On living in San Francisco, 2,100 miles away from decent deep dish:

Occasionally, I get Lou Malnati's shipped to me. The order arrives boxed up with dry ice and is ready after about 45 minutes in the oven.

Dan Bransfield will be at Read It & Eat in Lincoln Park at 6:30 p.m. April 27 for a pizza-eating demo and discussion of the history of pizza. Tickets are $20.

[email protected]


Pizza Pilgrims bring out the new food bible… all about pizza

Well turns out James Elliot, who runs Pizza Pilgrims with his brother Thom, loves pizza so much he didn’t just open a restaurant serving it, but now he’s written a book all about it as well.

We could up with James to chat about Pizza: A Book By Pizza Pilgrims and his views on all things pizza, from the worst slice he’s ever had to why not all pizza in Italy is brilliant.


Pizza Pilgrims bring out the new food bible… all about pizza

Well turns out James Elliot, who runs Pizza Pilgrims with his brother Thom, loves pizza so much he didn’t just open a restaurant serving it, but now he’s written a book all about it as well.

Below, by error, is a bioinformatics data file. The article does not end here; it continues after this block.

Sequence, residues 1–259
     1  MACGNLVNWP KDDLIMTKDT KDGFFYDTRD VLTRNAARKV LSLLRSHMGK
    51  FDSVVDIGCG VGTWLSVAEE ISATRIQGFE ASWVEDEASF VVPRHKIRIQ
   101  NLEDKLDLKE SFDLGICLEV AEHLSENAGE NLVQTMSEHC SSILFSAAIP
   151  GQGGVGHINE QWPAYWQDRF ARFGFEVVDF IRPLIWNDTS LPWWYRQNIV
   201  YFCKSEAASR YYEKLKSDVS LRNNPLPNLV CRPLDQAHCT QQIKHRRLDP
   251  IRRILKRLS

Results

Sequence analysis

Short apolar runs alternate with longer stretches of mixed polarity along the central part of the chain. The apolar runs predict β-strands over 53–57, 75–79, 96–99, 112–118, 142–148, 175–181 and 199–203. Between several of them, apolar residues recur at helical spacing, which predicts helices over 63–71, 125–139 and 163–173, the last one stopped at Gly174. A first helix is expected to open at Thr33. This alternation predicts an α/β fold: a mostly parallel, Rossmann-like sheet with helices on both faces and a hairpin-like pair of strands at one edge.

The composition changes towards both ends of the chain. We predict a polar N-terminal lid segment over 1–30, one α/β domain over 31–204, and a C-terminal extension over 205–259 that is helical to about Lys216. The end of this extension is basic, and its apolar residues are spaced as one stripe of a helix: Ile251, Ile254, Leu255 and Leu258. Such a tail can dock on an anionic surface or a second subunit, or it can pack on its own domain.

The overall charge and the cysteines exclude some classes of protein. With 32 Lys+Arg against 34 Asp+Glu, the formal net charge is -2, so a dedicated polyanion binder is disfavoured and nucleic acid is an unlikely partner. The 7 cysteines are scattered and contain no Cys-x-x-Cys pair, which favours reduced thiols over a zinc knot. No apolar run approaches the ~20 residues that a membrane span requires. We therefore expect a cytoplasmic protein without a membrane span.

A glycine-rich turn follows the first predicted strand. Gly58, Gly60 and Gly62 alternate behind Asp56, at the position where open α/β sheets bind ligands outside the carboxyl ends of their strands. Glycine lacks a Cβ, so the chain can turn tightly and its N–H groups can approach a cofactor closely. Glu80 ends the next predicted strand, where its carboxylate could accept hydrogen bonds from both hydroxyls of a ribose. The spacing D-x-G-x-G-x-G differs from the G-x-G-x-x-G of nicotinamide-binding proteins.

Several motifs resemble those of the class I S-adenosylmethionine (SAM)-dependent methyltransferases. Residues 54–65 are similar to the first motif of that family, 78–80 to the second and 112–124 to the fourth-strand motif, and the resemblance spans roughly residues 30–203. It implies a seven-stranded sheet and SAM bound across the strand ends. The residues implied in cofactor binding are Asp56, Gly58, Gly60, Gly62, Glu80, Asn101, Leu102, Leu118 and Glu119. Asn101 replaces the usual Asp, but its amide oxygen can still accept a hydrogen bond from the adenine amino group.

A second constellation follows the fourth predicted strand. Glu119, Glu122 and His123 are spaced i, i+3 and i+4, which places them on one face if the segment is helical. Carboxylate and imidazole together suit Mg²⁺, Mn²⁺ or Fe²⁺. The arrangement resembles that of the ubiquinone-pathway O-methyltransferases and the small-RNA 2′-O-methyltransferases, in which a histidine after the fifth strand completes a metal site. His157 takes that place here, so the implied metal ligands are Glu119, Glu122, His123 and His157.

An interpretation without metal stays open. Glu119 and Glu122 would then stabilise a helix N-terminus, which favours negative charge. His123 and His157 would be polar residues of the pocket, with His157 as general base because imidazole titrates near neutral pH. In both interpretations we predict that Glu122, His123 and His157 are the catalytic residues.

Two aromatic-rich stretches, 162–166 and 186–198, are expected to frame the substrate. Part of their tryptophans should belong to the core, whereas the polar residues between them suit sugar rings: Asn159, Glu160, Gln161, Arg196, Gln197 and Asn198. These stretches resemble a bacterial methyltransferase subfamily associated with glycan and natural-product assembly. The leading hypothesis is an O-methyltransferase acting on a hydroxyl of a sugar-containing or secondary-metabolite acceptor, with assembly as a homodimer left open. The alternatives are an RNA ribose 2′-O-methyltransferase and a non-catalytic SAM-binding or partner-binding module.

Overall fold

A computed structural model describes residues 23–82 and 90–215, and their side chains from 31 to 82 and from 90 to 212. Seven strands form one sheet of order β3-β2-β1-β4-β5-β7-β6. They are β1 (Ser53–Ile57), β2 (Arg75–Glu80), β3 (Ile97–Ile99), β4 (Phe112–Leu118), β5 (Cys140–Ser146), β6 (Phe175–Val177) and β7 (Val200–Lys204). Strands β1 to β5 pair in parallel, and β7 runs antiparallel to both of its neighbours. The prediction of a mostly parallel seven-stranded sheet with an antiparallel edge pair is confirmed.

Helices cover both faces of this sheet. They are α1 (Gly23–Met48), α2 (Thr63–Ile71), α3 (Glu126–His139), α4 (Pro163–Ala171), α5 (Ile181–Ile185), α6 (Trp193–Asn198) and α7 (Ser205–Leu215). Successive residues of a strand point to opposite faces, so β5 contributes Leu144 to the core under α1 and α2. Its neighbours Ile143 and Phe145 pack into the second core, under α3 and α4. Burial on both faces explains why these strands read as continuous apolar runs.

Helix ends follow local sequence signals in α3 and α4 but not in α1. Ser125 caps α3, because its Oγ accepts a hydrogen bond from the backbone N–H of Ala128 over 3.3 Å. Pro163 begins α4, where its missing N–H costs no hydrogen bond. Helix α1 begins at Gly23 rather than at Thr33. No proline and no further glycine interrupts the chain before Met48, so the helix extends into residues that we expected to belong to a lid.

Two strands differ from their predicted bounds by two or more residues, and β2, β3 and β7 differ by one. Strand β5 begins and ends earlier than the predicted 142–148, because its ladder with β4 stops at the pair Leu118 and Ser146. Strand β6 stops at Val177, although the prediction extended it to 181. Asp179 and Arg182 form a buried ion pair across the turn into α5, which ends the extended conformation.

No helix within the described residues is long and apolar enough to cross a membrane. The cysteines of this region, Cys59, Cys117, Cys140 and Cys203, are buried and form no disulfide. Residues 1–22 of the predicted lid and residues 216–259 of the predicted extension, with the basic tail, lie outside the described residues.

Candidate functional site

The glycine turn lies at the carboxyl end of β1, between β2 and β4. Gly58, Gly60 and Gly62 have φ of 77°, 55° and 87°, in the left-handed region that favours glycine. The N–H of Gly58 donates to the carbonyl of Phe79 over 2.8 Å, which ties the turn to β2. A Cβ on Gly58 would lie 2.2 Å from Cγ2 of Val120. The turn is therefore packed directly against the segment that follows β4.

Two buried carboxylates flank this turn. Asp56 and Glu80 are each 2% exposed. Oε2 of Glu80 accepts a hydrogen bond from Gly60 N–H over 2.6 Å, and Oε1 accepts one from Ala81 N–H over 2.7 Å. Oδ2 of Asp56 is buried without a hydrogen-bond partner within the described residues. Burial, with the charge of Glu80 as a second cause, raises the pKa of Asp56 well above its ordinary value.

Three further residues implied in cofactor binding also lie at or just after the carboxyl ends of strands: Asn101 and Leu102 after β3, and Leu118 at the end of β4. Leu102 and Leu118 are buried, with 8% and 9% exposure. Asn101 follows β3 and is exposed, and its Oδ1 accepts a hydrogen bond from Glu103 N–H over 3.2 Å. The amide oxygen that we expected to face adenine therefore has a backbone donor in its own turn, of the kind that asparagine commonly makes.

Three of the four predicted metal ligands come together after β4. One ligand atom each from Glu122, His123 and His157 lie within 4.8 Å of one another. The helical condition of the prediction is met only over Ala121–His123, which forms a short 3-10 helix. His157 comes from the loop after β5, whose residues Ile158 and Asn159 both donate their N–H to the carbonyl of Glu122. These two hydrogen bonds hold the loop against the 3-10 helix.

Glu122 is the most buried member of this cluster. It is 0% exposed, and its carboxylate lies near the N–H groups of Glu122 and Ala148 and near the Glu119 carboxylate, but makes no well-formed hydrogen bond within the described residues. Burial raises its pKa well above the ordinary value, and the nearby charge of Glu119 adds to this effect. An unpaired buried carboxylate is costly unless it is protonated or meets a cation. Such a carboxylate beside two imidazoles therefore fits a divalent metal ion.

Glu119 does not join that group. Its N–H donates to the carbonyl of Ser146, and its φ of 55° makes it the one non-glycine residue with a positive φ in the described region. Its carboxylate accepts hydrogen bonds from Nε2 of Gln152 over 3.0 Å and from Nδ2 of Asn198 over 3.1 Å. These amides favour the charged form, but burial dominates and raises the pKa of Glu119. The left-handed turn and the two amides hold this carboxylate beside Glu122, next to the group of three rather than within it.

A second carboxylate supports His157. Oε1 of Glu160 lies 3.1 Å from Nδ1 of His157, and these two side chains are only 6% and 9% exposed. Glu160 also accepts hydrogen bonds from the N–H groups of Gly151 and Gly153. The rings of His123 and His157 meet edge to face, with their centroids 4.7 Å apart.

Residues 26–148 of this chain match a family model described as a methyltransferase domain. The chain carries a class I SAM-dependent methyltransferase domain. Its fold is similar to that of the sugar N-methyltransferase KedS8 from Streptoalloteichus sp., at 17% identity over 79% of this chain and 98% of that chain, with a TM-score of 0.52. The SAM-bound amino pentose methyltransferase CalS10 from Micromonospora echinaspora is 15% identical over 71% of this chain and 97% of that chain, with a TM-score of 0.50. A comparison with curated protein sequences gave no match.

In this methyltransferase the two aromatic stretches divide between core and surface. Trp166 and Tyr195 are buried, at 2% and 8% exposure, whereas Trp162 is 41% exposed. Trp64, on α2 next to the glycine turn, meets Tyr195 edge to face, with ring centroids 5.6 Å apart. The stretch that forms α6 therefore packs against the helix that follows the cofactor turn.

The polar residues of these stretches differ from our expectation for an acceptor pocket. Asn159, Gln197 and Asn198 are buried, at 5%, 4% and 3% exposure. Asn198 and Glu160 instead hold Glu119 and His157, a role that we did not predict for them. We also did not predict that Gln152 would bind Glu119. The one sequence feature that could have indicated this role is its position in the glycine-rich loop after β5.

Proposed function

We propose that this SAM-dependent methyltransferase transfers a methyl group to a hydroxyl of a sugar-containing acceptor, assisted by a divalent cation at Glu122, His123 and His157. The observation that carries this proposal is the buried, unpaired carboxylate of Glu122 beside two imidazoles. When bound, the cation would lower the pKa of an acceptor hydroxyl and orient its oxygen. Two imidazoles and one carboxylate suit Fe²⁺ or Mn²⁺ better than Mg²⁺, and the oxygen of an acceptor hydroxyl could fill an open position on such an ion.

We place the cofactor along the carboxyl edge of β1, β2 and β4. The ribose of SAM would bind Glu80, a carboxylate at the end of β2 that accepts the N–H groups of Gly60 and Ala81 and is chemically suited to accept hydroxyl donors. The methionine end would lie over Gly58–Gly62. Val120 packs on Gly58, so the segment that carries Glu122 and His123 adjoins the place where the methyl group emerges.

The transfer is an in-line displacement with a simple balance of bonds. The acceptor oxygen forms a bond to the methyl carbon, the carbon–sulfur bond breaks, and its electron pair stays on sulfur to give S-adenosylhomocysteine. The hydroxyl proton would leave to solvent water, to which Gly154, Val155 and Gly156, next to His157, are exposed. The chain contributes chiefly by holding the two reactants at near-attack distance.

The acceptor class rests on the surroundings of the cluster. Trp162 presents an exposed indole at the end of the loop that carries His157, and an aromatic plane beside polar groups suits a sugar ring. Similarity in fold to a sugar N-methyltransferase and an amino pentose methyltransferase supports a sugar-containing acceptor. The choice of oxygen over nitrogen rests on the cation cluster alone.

We could up with James to chat about Pizza: A Book By Pizza Pilgrims and his views on all things pizza, from the worst slice he’s ever had to why not all pizza in Italy is brilliant.


Pizza Pilgrims bring out the new food bible… all about pizza

Well turns out James Elliot, who runs Pizza Pilgrims with his brother Thom, loves pizza so much he didn’t just open a restaurant serving it, but now he’s written a book all about it as well.

We could up with James to chat about Pizza: A Book By Pizza Pilgrims and his views on all things pizza, from the worst slice he’s ever had to why not all pizza in Italy is brilliant.


Pizza Pilgrims bring out the new food bible… all about pizza

Well turns out James Elliot, who runs Pizza Pilgrims with his brother Thom, loves pizza so much he didn’t just open a restaurant serving it, but now he’s written a book all about it as well.

We could up with James to chat about Pizza: A Book By Pizza Pilgrims and his views on all things pizza, from the worst slice he’s ever had to why not all pizza in Italy is brilliant.


Pizza Pilgrims bring out the new food bible… all about pizza

Well turns out James Elliot, who runs Pizza Pilgrims with his brother Thom, loves pizza so much he didn’t just open a restaurant serving it, but now he’s written a book all about it as well.

We could up with James to chat about Pizza: A Book By Pizza Pilgrims and his views on all things pizza, from the worst slice he’s ever had to why not all pizza in Italy is brilliant.


Pizza Pilgrims bring out the new food bible… all about pizza